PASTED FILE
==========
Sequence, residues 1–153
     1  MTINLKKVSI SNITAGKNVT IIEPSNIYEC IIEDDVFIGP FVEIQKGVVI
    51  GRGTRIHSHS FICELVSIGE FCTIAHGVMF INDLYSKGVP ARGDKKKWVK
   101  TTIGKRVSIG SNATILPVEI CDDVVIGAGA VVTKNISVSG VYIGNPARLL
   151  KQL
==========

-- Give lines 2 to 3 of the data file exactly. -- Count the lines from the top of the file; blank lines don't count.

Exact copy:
     1  MTINLKKVSI SNITAGKNVT IIEPSNIYEC IIEDDVFIGP FVEIQKGVVI
    51  GRGTRIHSHS FICELVSIGE FCTIAHGVMF INDLYSKGVP ARGDKKKWVK